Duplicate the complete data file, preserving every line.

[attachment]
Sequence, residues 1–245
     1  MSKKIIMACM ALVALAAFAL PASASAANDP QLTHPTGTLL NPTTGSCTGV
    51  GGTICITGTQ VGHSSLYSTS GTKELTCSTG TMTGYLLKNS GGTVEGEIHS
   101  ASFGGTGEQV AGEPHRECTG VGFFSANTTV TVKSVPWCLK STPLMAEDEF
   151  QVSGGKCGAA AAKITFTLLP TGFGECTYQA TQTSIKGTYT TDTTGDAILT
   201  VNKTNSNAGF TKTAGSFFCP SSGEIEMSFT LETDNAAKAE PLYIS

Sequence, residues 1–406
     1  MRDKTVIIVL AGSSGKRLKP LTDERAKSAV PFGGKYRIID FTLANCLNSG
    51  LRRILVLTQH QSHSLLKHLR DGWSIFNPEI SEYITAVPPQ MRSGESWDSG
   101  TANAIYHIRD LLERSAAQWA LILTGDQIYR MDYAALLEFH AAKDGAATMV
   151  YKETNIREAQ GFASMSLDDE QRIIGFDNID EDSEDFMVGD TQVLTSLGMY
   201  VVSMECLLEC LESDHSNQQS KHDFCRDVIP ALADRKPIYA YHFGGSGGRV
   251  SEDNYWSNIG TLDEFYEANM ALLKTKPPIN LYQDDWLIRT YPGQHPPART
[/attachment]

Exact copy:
Sequence, residues 1–245
     1  MSKKIIMACM ALVALAAFAL PASASAANDP QLTHPTGTLL NPTTGSCTGV
    51  GGTICITGTQ VGHSSLYSTS GTKELTCSTG TMTGYLLKNS GGTVEGEIHS
   101  ASFGGTGEQV AGEPHRECTG VGFFSANTTV TVKSVPWCLK STPLMAEDEF
   151  QVSGGKCGAA AAKITFTLLP TGFGECTYQA TQTSIKGTYT TDTTGDAILT
   201  VNKTNSNAGF TKTAGSFFCP SSGEIEMSFT LETDNAAKAE PLYIS

Sequence, residues 1–406
     1  MRDKTVIIVL AGSSGKRLKP LTDERAKSAV PFGGKYRIID FTLANCLNSG
    51  LRRILVLTQH QSHSLLKHLR DGWSIFNPEI SEYITAVPPQ MRSGESWDSG
   101  TANAIYHIRD LLERSAAQWA LILTGDQIYR MDYAALLEFH AAKDGAATMV
   151  YKETNIREAQ GFASMSLDDE QRIIGFDNID EDSEDFMVGD TQVLTSLGMY
   201  VVSMECLLEC LESDHSNQQS KHDFCRDVIP ALADRKPIYA YHFGGSGGRV
   251  SEDNYWSNIG TLDEFYEANM ALLKTKPPIN LYQDDWLIRT YPGQHPPART